A recent case was heard at the High Court (Horner v Allison) concerning the sale of a film partnership avoindance scheme.
In this case, the Claimant, was Mr Horner who was a chartered accountant as a managing director at Atos KPMG Consulting Ltd.
On recommendation by a colleague (whom received commission for the recommendation), Mr Horner attended a presentation by Taipan Creative LLP.  The scheme was described as ‘a unique low risk high return investment proposition’.  One of the directors, Miss Allison called herself a specialist in film tax investment schemes and led him to beleive that the scheme had been approved by HMRC.
Under the scheme, Mr Horner initially received a refund from HMRC which was paid over to Taipan who deducted 80% of the refund as their fee before paying it over to Mr Horner.  A tax refund of £168,756.30 was received and Mr Horner was given his 20% by the defendants (£33,750).
HMRC investigated the scheme and, found that the scheme failed to meet the necessary requirements for the relief for film patnerships. Mr Horner therefore faced a demand to repay the whole tax rebate with interest and penalties;  at a total of £207,000. There had been no HMRC approval of the scheme.
The court found in favour of Mr Horner, finding that Miss Allison had made representations which she knew to be untrue and as a result was liable to Mr Horner in deceit. Mr Horner was entitled to recover damages from Miss Horner amounting to £185,832.25.  However it appears unlikely that Miss Allison will be able to pay over the sum.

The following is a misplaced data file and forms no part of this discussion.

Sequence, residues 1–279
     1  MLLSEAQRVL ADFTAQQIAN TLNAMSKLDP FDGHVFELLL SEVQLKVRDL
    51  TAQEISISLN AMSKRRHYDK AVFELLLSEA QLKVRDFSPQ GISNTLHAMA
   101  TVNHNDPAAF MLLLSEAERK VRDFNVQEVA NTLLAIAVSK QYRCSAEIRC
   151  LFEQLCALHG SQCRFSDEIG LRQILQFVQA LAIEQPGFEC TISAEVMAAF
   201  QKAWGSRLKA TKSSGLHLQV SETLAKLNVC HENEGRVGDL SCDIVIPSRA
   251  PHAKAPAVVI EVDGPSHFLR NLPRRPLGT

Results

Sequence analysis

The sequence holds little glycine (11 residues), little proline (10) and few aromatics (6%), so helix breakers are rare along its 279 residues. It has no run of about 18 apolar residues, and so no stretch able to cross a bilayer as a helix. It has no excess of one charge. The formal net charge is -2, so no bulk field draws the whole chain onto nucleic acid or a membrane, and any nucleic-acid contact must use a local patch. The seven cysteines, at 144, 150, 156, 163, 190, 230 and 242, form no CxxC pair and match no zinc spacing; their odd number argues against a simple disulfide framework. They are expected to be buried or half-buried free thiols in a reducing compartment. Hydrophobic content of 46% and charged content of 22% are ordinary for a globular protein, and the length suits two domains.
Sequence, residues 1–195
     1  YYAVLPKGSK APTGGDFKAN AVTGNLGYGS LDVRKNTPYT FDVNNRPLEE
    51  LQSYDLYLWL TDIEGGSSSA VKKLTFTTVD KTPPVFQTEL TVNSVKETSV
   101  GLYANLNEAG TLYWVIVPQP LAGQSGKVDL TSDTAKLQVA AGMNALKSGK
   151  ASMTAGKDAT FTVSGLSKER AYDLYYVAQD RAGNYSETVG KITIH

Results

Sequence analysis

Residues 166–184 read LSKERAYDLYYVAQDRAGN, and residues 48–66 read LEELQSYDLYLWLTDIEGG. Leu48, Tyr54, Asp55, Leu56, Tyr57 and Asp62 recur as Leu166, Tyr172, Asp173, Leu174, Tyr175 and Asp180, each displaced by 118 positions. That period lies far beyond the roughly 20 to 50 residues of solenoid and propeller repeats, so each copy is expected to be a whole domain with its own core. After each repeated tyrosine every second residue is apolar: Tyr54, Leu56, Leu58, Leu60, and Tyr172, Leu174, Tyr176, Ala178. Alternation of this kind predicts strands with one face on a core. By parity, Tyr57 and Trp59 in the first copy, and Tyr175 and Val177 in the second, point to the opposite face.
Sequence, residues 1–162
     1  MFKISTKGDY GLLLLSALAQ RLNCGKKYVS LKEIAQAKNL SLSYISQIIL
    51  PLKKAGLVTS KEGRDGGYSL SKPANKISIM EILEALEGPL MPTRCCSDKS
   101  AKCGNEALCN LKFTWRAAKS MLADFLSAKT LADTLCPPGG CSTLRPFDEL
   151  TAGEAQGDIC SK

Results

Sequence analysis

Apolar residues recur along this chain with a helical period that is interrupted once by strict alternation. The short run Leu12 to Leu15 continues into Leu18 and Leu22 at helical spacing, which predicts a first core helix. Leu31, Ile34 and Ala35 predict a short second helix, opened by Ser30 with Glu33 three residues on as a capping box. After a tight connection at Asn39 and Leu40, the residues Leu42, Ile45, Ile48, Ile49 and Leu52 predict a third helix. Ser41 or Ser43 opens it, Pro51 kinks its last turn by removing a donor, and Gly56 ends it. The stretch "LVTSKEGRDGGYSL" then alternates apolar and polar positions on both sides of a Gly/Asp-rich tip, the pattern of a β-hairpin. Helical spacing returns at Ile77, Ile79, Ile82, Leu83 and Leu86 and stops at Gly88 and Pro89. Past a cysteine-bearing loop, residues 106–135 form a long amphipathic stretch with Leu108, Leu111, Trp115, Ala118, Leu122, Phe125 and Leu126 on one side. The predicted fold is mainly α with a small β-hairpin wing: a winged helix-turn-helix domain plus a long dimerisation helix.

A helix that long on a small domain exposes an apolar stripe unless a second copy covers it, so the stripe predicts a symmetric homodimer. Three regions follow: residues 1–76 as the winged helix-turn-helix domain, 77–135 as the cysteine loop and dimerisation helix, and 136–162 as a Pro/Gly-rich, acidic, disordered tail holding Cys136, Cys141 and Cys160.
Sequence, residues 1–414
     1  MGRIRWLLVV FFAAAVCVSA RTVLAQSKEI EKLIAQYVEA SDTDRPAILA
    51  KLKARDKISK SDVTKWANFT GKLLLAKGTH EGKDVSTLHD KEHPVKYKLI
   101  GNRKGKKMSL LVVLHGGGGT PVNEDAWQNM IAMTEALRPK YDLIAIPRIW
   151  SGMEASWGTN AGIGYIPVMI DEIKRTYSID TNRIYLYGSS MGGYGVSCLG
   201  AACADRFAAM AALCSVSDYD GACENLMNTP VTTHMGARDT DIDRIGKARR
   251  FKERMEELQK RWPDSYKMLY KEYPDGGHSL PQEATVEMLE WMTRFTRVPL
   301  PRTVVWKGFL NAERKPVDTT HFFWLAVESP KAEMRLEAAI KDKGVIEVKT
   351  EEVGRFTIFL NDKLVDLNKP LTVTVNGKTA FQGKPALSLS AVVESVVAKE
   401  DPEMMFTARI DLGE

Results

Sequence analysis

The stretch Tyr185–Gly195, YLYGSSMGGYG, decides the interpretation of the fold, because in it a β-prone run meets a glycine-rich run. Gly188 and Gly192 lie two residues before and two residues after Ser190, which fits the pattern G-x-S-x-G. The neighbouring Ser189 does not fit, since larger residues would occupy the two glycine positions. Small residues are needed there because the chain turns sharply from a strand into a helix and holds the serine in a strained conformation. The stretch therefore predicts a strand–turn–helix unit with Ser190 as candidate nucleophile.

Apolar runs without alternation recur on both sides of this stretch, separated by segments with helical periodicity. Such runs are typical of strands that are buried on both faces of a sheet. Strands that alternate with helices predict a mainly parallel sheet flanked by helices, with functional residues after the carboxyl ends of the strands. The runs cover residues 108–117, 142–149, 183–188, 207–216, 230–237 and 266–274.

HMRC have taken the Football League to the High Court in an attempt to revoke the football industry debt rule. The Premier League are not challenged but are interested in proceedings.
Under these rules, which are implemented by the Football League and Premier League, clubs which become insolvent will pay off their debts to football related creditors in priority to other creditors – including HMRC.
HMRC are to argue that such a rule was invented by the Football League and therefore has no sound basis in law and that the rules as they stand have led to losses to the taxpayer.
The Football League will argue that the rule is in the best interests of the sport and that failure to pay transfers fees would jeopardise the integrity of the sport.  In addition they claim that the rules prevent disruption to fixtures which could otherwise arise as a result of insolvency.